• Additionally, neglecting non-functional requirements, such as performance or security, can result in incomplete criteria that miss critical aspects of the user story. Lastly, writing acceptance criteria without collaboration can lead to gaps in understanding. Involving developers, testers, and other stakeholders ensures a comprehensive view of the task at hand. 

    By avoiding these pitfalls, teams can create clear, actionable acceptance criteria that drive successful project outcomes and enhance overall team efficiency. 

    Summing up 

    A user story, on its own, can be interpreted in a hundred different ways. It is only when the acceptance criteria are defined that there is complete clarity on the expected outcomes, and both the customer and the developer are in sync with regard to the functionality that a user story will provide. 

    By setting up a clear process for defining acceptance criteria and making sure that they are taken seriously, Agile teams can make sure that there is no ambiguity, everyone is on the same page, and the customer gets what they have asked for. The best Project Management certification courses will help you get globally recognized accreditations.

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    Frequently Asked Questions (FAQs)

    1Are acceptance criteria only applicable to user stories? 

    Acceptance criteria, integral to Agile, are primarily associated with user stories. They specify the conditions under which a user story is completed. However, the concept of "what is acceptance criteria" can extend beyond user stories to larger project elements, reflecting Agile's flexibility.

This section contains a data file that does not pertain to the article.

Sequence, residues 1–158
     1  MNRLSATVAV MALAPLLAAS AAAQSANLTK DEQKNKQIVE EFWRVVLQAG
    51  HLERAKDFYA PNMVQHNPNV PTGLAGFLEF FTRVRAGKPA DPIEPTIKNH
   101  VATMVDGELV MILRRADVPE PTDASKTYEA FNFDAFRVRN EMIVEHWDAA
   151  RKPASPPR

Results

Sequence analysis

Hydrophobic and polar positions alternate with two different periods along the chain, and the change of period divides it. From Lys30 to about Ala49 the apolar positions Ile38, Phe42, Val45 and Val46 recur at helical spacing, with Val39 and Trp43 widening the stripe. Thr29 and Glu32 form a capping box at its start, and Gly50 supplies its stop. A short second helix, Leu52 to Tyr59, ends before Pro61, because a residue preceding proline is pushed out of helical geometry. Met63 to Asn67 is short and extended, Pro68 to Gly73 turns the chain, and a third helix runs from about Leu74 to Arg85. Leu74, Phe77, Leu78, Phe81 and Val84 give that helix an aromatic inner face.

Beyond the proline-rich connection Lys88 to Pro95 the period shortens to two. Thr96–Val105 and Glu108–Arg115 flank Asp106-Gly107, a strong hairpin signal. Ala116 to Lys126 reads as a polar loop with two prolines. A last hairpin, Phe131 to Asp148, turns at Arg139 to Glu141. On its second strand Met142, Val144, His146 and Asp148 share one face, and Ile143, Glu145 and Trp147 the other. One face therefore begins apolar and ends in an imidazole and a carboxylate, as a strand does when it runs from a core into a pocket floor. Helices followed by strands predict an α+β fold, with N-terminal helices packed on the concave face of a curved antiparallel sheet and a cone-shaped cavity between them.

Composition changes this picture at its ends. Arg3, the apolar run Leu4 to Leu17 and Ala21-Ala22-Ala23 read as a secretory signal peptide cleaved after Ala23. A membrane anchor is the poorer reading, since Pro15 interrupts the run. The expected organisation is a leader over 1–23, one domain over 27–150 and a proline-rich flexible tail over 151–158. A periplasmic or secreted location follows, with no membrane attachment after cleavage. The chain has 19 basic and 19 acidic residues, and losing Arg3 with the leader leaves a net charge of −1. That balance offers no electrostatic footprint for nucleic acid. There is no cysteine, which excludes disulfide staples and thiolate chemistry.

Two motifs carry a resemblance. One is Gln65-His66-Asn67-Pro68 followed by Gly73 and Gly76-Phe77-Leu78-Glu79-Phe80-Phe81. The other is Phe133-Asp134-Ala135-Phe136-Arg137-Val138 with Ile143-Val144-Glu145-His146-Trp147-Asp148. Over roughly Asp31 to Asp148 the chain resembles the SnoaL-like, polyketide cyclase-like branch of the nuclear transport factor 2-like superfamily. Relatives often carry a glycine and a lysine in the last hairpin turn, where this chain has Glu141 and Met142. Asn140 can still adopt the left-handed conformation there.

2How do acceptance criteria contribute to the Definition of Done in Agile? 

    Acceptance criteria directly influence the Definition of Done by providing specific benchmarks for user stories. They clarify what successful completion looks like, aligning with the broader project goals outlined in the Definition of Done.  

    3Can acceptance criteria be used as a form of documentation in Agile projects? 

    Yes, acceptance criteria can serve as key documentation in Agile projects. They detail "what is acceptance criteria in Agile" for each user story, providing a reference for the project's requirements and scope.  


    Lindy Quick

    Blog Author

    Lindy Quick, SPCT, is a dynamic Transformation Architect and Senior Business Agility Consultant with a proven track record of success in driving agile transformations. With expertise in multiple agile frameworks, including SAFe, Scrum, and Kanban, Lindy has led impactful transformations across diverse industries such as manufacturing, defense, insurance/financial, and federal government. Lindy's exceptional communication, leadership, and problem-solving skills have earned her a reputation as a trusted advisor. Currently associated with KnowledgeHut and upGrad, Lindy fosters Lean-Agile principles and mindset through coaching, training, and successful execution of transformations. With a passion for effective value delivery, Lindy is a sought-after expert in the field.